Health: Saved by a joyous break with the past

A dangerous operation, never performed before, has given one woman her life back. By Jeremy Laurance
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The Independent Culture
TO MOST people, a broken neck means certain death. As the most vulnerable part of the spine, it is also the most prone to injury. But for one woman, surgeons proposed breaking her neck - twice - as the only hope of saving her life.

The unique operation, never attempted before, carried a one in 10 chance of death on the operating table. There were huge complications, the surgery took more than twice as long as expected, and the patient almost bled to death. But, three months later, she is well, happy and looking forward to enjoying her old age.

Sue Leeming had spent most of her adult life forced to stare at the ground because of a neck deformity. She suffers from ankylosing spondylitis, an inflammation of the joints similar to arthritis, and the bones at the top of her spine had crumbled and fused. Over the years, under the force of gravity, her head had fallen forward until her chin was pressed into her chest.

Pictures taken at her wedding to Aidan, her second husband, in Gretna Green last year, show how she could only see the knees of the priest who married them and was unable to make eye contact with any of their guests. Although she has normal sight, she was almost as socially isolated as the blind.

Last May, she faced a chilling choice. Her deformity had grown so severe that the smallest blow, jolt or fall could have broken her neck and killed her. Her breathing was laboured and there was a serious risk she would choke to death. But surgery to straighten her neck had never been tried before, and was highly risky.

The operation involved breaking her neck in two places, straightening it, and then inserting steel poles to hold it in its new upright position. Mrs Leeming, 48, had no hesitation in choosing surgery. "I was going to choke to death anyway," she says. "The outcome would have been the same. I had every confidence in the surgeon."

Most people with a deformity as severe as Mrs Leeming's are told nothing can be done because the risks of surgery are too high. Steven Gill, consultant neurosurgeon at Frenchay Hospital, Bristol, agreed to attempt the operation because he recognised her options had run out. What he could not have foreseen were the complications, which meant that surgery expected to last eight hours took 19, as doctors fought to stem the bleeding that threatened her life.

The operation began at 8am, and the surgical team worked through the day and evening until 3am the following morning. "I came out once for a Mars Bar. When you're faced with a situation like that you just have to carry on," said Mr Gill. Mrs Leeming received over 50 units of blood, equivalent to 25 litres, and her husband, Aidan, was warned more than once that she might not pull through.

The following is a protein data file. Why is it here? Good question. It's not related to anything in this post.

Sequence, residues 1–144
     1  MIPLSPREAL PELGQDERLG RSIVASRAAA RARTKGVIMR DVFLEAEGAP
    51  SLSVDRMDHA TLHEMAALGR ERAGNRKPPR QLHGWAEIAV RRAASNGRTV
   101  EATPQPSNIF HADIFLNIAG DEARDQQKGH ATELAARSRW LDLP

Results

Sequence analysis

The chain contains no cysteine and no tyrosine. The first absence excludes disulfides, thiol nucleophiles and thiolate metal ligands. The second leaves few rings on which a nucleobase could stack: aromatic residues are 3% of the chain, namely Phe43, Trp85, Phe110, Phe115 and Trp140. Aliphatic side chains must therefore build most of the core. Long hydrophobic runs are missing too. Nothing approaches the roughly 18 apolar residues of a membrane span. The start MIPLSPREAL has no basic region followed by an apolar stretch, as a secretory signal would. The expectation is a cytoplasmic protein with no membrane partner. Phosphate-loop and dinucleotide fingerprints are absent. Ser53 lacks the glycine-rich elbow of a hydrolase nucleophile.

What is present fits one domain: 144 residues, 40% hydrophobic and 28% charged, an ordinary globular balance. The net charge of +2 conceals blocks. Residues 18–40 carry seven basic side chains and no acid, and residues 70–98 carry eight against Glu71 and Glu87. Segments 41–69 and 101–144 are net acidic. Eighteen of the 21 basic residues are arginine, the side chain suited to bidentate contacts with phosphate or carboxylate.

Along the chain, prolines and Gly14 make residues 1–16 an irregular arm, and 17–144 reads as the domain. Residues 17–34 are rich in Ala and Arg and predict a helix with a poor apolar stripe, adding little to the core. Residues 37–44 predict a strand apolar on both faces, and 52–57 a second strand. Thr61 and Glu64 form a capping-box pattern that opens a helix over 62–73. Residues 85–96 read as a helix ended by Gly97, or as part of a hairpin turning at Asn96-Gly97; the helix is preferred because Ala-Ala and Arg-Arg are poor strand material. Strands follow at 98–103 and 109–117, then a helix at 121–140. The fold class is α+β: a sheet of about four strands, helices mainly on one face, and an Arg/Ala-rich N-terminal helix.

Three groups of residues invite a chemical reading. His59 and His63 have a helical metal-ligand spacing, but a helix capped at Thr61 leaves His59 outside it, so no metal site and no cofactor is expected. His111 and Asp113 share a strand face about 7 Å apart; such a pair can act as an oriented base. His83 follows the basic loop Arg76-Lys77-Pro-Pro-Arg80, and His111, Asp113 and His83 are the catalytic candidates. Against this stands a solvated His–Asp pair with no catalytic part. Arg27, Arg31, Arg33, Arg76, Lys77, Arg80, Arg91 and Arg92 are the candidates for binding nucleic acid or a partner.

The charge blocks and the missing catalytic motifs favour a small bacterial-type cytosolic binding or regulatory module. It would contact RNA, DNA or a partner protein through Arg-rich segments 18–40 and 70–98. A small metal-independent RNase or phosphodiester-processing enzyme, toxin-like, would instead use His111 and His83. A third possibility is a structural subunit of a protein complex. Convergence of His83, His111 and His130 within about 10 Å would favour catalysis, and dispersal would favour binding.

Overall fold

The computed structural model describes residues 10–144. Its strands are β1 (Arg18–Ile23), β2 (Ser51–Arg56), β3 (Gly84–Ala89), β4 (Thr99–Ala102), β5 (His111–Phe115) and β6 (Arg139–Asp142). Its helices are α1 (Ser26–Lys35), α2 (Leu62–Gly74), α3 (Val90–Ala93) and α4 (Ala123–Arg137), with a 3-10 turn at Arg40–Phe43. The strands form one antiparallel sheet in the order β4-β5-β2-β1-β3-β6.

The procedure involved drilling into the back of her neck to break and realign the bent vertebrae. Mr Gill had to work within a 2mm margin of error, avoiding the vertebral artery that supplies the brain and the spinal cord. The smallest slip could have killed or paralysed her.

With her neck bent so severely, the surgery had to be carried out from the back, which is more dangerous than going in from the front. Lying on her stomach, her head was below the level of the operating table, and pressure built up in the veins until the blood vessels started "popping". Mr Gill said: "One of the major problems she faced was surviving this massive transfusion."

The results of the surgery can be seen tomorrow on Tomorrow's World (BBC1, Wednesday, 7.30pm). Three months on, Mrs Leeming is still learning how to walk again. After years looking at her feet, she finds it hard to balance with her head up, unable to see where her feet are. But she has no doubt about the benefits: "I am ecstatic. I can breathe properly, and when I go shopping I can see more than just the bottom shelves. For the first time, I can drink out of a wine glass without using a straw."

One of the perils of being forced to stare at the ground was that she had been liable to bump into anything at head height. At their home in Gosport, Hampshire, her husband, Aidan, had fitted the kitchen cupboards with musical chimes to warn her when the doors stood open. "The first thing he did when I came home was to throw the chimes in the bin. We felt we had been given our house back."

One effect of the surgery has been disorientating for her and disconcerting for her friends. For the first time for years she can look people in the eye. Her surgeon, Mr Gill, said: "The impact on her socially is hard to imagine. When she met people in the street, she could never see their faces. Now, when people meet her, they look away. They are not used to making eye contact and neither is she."

The operation has restored her to society. But while normal social interaction brings many pleasures, it can also be a strain, especially for one whose face has for so long been buried in her chest. While Sue Leeming has recovered well from the physical effects of the surgery, adjustment to the social effects may take longer.